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October 22, 1930 - Image 2

Resource type:
Text
Publication:
The Michigan Daily, 1930-10-22

Disclaimer: Computer generated plain text may have errors. Read more about this.

TNF, 1V1'TC_'4TC AN

b A I i_. Y

WEbXESDAY, OCTOr--" 2^ 1930

1 15* -a l A 1\.i 1AS1 11A 1S L 5 l L 1

Mh~fl~O Jf LEADGOVERNORS OF TWO STATES ASSIST IN DEDICATION
UIIIIU EXERCISES OF NEW BRIDGE OVER MISSOURI RD
IN INSP[PCTID~ Ti 1

IER

Enrgneering Facuy Ma'n Pta
Tour of University for
Visitors.
TWO SECTIONS TO COM
International Roads Convention
Represented by Group of
165 Foreigners.
In preparation for the delegates
of the International Road congress,
who are visiting the University Sat-
urday, Prof. ,Roger L. Morrison of
the highway engineering depart-
ment, has planned an inspection
trip which will include a visit c
the transportation library, highwayv
laboratory, wind tunnel, iiaval1
tank, Clements library, and the
Lawyers club.
The Road congress which was
held in Washington, D. C. two
wveeks ago, was attended by repre-
sentatives from 67 foreign coun-
tries. These men have been divided
into three tours: eastern, western,
and southern. The first two will
arrive here simultaneously Satur-
day morning.
Will Attend Game
According to a statement made
by Professor Morrison, there will be
165 foreigners and 20 interpreters
in the two tours. The National Au-
tomobile Chamber of Commerce
has arranged for 190 tickets for the
Illinois-Michigan football g a m e
which will be the first contest of
its kind many of the visitors will
have seen.;
There will be a reception and
welcome for the delegates at 9:30
o'clock in the morning at the the-
tre in t h e Michigan League.
Speeches will be made by Vice-
president Shirley Smith, Dean Her-
bert C. Sadler of. the Colleges of
Engineering and Architecture, and
the Hon. G. C. Dillman, state high-
way commissioner of Michigan.
Responses will be given by two of
the delegates.
Visitors to Have Luncheon
The visitors will be the guests of
the university and the National Au-
tomobile Chamber of Commerce at
a buffet luncheon Saturday noon
served in the second floor library
of the Union.
Leaving here right after the
game, the delegates will return to
Detroit where they will remain
several days inspecting the Gener-
al Motors proving grounds, the
Ford Motor company, Dodge Bro-
thers plant, and the Packard plant.
E GIEERS(IVEN
NE WCURRICUL UM
Installation of Transportation
Course Is Announced.
by Dean Sadler.
To give engineers a comprehen-
sive knowledge of transportation by
land, air and sea is the purpose of
the recent establishment of the
transportation curriculum, accord-
ing to a statement made yesterday
by Dean Herbert C. Sadler of the
Colleges of Engineering and Archi-
tecture.
In this curriculum the student
will study courses in all branches
of transportation instead of being
confined to one field. He will also
take economics, accounting, and
political science in addition to the
general courses offered in the en-
gineering college.
"In the future," Dean Sadler
pointed out, "co-ordination of all
methods of transportation will be
more important than the develop-
ment of any one form."
Preparatory to the installation of
this new curriculum, Prof. John S.
Worley of the transportation de-
partment was appointed chairman
of a committee to investigate the
advisability of inaugurating such a

course.v

I .>.
> wx. r N ,.

MICHIGANFLASHES
TO BEBROADCAST
Pri.WadAboUdiecoro
AFI TO UV INFORMA hNews flashes from The Daily
willbe given during the University
tt p r a ' radio programs over Station WJR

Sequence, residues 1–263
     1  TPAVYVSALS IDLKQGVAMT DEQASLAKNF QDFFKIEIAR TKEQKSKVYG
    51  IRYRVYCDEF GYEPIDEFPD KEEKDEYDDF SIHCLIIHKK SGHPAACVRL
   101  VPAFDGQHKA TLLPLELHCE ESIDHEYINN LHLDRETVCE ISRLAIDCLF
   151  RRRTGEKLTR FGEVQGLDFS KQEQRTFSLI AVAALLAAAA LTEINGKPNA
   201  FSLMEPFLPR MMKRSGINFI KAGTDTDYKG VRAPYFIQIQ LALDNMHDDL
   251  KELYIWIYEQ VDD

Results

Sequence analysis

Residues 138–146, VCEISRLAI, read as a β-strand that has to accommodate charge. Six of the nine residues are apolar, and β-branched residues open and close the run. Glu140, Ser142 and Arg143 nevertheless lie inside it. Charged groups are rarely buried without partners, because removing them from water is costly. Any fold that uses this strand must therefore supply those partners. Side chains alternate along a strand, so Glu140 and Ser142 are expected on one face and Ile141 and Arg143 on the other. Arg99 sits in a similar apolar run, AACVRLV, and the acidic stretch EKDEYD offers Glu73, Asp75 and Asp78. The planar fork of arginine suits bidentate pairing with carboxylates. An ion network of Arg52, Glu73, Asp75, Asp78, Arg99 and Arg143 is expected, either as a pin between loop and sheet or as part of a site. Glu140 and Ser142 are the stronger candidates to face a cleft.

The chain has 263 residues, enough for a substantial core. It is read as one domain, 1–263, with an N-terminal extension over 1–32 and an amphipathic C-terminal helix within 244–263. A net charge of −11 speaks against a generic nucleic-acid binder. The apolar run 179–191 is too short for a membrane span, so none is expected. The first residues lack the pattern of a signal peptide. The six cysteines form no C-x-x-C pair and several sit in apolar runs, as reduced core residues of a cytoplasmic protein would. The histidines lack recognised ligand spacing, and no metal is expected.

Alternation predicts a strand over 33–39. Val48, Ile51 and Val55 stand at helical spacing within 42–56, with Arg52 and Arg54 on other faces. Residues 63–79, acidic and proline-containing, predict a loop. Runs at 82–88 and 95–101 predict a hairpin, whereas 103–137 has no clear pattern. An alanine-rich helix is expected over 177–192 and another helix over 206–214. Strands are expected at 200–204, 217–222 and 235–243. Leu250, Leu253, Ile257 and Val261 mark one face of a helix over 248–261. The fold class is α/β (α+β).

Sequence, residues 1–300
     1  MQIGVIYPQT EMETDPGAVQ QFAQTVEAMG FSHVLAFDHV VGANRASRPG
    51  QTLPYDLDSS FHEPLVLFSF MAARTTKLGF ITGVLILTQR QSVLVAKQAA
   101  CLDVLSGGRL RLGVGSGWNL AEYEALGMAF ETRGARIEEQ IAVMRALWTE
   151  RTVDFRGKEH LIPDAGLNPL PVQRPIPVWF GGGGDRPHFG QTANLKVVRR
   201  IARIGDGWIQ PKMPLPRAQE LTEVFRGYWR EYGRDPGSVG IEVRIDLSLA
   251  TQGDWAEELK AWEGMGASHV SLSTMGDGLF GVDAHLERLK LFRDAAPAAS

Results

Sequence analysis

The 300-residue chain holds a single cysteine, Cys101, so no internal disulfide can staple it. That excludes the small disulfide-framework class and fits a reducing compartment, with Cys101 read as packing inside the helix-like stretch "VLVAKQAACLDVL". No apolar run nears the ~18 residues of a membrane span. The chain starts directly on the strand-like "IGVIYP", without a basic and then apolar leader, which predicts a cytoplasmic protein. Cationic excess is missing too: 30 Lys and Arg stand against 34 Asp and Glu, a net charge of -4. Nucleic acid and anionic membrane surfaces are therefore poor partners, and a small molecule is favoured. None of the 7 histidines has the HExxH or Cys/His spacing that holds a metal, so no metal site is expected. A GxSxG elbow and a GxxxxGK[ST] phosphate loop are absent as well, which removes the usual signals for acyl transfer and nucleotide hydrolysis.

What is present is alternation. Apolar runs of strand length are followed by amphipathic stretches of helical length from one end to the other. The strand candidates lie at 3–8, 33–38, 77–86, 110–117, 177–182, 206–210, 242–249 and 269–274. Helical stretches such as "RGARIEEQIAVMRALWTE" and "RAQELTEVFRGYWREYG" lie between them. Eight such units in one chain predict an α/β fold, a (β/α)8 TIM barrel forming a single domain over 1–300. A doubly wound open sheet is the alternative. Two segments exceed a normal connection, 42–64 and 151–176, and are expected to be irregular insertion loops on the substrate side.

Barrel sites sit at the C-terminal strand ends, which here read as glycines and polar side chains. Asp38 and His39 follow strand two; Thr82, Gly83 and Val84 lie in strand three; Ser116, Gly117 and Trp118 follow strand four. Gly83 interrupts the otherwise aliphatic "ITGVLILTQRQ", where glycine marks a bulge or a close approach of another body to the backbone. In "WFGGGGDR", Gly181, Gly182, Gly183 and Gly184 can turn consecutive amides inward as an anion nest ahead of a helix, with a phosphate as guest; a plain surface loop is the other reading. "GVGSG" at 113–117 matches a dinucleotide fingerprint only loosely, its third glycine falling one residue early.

darncsanks and Pumpkins to be from the studio here, it was an-
nounced yesterday afternoon by
son s alroom -prof. Waldo Abbott, director of
University broadcasting.
rAFyFAI TO BE INFORMAL These flashes will consist of re-
cent happenings on the campus.
ProesorAbbott also announced
Te ate panfor aheHallowe'en - Progrssromteadoaeb-
Tnttivt plns forhd a H e baen-- that members of the faculty may
dan and a formal dance were an- in -ay spbcial announcerents broad-
pounced yesterday as a part of an cast such as notices of exhibits,
extension social program being ar- lectures, and collections of data
ranged by the dance committee of 'from a wide area.
the Union.
ty l:'Programs from the studio are be-
'The date for the Hallowe'en P'o opened and closed now with a
da nce has been sit for Friday, Oct. ,musical symbol on a vibra-harp
31, arid it will beheld in the ball- played by Charles Wilbur. The pro-
room of the Union. Decorations in grams ;are opened with a strain of
the style of autumn will be fully I mellow and Blue, and closed wvith
carried out with cornstalks and -- fld Victorh
'~n-I~cunncv i n nr The Ifictors-.

Letters -IIyini', 11 ,
Practiced by Group
Illinois Game.

NOVEL IFDRMATIONS
PLANNER FOR BAND

Will be
for

A/.'.ciatd Prr: Prae*
Governor Arthur Weaver of Nebraska (left), and Governor John Hammill of Iowa (ri;.o isro vfl. seat-
ed in the center of the group which assisted in the detlication of a new bridge over the Missouri River at
Nebraska City, Neb., recently. In front of them, at left, In Indian costume, is William Hale Waubonsie, de-
scendent of the Indian chief Waubonsie, for whom the bridge is named.

l
4
J
I
1
t
1II1
I
J

Alumni
Notes
To Entertain Ruthven
President Alexander G. Ruthven
and Mrs. Ruthven will be honored i
at a dinnertby Southern California1
alumni next Monday at the Bilt-i
more hotel in Los Angeles, accord-1
ing to a letter received from Wil-
liam A. Spill, vice-president of the
Pacific coast alumni district.
Charles J. O'Connell, of Colton,
Calif., formerly president of the
University of Michigan club of
Chicago will speak in behalf of1
the alumni.
Tuesday the president and hisi
party will go to Pasadena where;
they will visit the Huntington Art,
Gallery and the Museum of San
Marino.
Shaw Will Speak
Wilfred B. Shaw, director of
alumni relations, leaves Friday for
Janesville, Wisconsin where he will
speak before the state meeting of
the American Association of Uni-
versity Women.
Committee to Meet
Members of the national alumni
committee on athletics of the Uni-
versity will hold a meeting and
banquet at the Union, Saturday,
November 15.
Charles H. Brady, of Toledo,
chairman of the committee, will
speak concerning the promotion of
interest among the alumni in major
and minor sports at the University.]
Hillel Group to Fete
Rabbi Heller Tonight
Rabbi Bernard Heller will be for-
mally welcomed tonight as the newz
director of the Bnai Brith Hillel
foundation in a banquet at theI
Michigan League.
Byron Novitsky, student president
of the foundation and toastmaster,z
will introduce the rabbi, who will
speak on "The Hillel Foundation's
Contribution to the University."
Chairman E. Al Miller of the ban-
quet committee reported that over
100 tickets had been sold last night.
NELSON ELECTED SECRETAR;Y.
Prof. E. E. Nelson of the Medical
school was elected secretary of the
Research club, and not Prof. E. S.
Brown of the political science de-
partment, as was previously re-